Every start of the year finds us thinking about making a change, variedly, but for a better us before the year ends. One of the prominent items that feature in many “to-do” lists from society to society is saving and budget decisions. This cuts across all seasons – the good and the bad ones.
As the old adage goes; every decision has its consequences. And we agree that saving remains a top success hinge from one person to another.
But how easy or tough can this get? It is delicate but never a walk in the park.
The empirical attribute that causes the myriad plans of saving bear fruits is discipline. Sadly, this won’t come at your convenience.
As a growth culture, saving needs to be nurtured and pruned over time. Some say it is a habit. Maybe… A habit is what you repeatedly do.
Be it as it may, when you decide to save, you must mean it. Your decision should cause a drastic build-up of changing how you conduct many aspects on your spending. Basically, your financial character must be on an overhaul.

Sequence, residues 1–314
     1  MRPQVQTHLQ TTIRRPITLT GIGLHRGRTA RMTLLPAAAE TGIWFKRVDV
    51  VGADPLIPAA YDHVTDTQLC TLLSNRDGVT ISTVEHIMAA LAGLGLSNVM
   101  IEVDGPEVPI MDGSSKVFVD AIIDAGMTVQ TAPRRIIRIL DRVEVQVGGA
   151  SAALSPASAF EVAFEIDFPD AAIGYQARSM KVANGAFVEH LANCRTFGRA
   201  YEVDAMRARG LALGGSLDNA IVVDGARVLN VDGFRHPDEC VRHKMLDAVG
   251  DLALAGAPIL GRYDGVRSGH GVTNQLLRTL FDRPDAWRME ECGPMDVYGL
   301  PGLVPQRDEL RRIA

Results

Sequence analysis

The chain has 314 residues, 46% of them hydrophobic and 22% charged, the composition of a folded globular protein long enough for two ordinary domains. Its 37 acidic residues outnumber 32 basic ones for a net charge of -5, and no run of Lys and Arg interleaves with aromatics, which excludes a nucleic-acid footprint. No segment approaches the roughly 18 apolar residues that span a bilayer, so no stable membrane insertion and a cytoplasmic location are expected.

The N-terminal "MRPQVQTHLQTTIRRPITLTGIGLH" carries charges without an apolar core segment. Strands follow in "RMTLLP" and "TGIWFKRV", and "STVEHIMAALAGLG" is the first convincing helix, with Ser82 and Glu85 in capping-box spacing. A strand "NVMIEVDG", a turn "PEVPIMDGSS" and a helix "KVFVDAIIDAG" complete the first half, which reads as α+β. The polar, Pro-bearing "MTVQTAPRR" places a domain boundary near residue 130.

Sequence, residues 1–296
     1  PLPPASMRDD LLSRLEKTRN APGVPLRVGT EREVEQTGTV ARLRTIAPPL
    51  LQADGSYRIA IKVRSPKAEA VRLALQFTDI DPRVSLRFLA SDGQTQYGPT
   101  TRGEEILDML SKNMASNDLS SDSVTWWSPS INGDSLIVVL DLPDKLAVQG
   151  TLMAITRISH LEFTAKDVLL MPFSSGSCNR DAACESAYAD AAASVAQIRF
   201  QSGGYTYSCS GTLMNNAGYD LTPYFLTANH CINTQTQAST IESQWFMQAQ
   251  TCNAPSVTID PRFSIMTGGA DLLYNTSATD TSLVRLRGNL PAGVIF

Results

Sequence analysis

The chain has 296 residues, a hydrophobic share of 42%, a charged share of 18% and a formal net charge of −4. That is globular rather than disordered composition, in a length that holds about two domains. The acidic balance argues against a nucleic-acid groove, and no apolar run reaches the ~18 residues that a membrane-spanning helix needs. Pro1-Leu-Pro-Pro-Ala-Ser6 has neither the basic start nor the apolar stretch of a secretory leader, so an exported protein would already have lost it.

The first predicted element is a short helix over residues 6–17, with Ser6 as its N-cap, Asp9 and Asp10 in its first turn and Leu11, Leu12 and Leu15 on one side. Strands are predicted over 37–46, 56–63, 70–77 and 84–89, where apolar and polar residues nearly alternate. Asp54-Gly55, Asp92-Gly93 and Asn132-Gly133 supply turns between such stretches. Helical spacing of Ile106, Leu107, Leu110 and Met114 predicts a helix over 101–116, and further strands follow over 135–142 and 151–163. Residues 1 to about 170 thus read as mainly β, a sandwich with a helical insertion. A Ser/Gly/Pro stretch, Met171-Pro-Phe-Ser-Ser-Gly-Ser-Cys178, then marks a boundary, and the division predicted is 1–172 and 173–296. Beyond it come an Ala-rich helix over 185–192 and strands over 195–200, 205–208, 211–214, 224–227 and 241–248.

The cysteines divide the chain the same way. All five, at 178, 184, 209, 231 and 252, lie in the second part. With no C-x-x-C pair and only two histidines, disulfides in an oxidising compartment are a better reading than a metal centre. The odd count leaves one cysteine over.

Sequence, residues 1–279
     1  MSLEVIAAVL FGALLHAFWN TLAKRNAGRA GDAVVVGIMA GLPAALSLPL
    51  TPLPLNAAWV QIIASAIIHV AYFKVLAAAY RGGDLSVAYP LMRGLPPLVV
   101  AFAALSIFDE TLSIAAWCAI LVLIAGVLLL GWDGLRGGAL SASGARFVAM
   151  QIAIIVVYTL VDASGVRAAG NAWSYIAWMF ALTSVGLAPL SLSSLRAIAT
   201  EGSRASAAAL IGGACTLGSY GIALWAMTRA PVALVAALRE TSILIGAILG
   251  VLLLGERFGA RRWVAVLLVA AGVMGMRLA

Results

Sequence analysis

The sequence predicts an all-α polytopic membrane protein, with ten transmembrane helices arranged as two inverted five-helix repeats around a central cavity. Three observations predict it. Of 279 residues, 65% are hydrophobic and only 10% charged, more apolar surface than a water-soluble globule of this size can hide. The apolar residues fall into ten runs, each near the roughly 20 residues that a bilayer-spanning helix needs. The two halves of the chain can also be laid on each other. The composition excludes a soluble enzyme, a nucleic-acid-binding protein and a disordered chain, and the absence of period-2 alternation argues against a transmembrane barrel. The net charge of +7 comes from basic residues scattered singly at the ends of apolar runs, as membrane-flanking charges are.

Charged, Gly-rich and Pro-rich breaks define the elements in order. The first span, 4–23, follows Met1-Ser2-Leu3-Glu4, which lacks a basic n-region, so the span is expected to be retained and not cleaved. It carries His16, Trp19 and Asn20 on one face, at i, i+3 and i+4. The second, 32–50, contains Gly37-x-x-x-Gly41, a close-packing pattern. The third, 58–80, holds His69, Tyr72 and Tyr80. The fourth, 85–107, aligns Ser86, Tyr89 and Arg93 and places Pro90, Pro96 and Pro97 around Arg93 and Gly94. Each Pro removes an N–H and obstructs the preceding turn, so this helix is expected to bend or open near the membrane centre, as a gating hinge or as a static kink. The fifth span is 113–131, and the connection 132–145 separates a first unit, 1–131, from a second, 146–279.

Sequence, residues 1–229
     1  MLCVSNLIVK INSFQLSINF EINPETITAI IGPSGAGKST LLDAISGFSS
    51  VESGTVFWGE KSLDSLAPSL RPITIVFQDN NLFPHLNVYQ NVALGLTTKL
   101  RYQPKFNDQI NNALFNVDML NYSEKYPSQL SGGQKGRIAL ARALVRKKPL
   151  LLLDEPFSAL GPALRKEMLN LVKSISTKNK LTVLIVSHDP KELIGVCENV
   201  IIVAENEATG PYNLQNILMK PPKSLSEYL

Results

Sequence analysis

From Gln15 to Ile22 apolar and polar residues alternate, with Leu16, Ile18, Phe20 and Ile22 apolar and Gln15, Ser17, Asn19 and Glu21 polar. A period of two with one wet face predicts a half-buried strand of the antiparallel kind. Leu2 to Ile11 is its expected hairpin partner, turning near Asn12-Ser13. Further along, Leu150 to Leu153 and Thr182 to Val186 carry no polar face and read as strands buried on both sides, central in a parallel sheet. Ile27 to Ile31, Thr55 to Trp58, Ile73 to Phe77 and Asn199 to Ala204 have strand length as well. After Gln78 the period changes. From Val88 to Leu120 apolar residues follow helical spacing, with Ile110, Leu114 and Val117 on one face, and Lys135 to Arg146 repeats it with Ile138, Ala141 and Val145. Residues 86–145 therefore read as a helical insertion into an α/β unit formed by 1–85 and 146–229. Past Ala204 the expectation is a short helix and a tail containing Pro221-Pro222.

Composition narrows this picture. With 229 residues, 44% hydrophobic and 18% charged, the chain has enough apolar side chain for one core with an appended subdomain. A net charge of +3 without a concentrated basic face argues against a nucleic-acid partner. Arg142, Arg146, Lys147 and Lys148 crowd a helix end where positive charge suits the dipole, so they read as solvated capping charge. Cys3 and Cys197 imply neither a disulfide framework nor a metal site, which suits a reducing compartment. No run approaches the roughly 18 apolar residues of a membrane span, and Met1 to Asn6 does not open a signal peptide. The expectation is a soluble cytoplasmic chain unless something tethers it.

Your decision should inform your “financial or spending” character and in progression, the revamped character should drive you to your destiny.
So get up, make a realistic plan and establish operational systems (however basic they could be) and kickstart your saving programme.
For instance, you might need to cut down or scout for more cost effective ways of paying your utilities, like power and water. Perhaps, you may need to cut down on your cell-phone subscriptions. Think about that basic home improvement trick that might just work for you at limited damages.
Few questions you might need for your saving plan are
- What are my earnings?
- What are my total expenses?
- Do I have any amount remaining after the expenses?
- What will be my contingency until the next pay?
Universally, financial pundits believe saving at least 10% of your income would do more good to your future. Depending on your income however, you can do up to 25%. Now do your calculations, switch tabs to explore your saving journey.
Always remember, saving requires discipline. Sustaining your saving culture requires individual economic responsibility.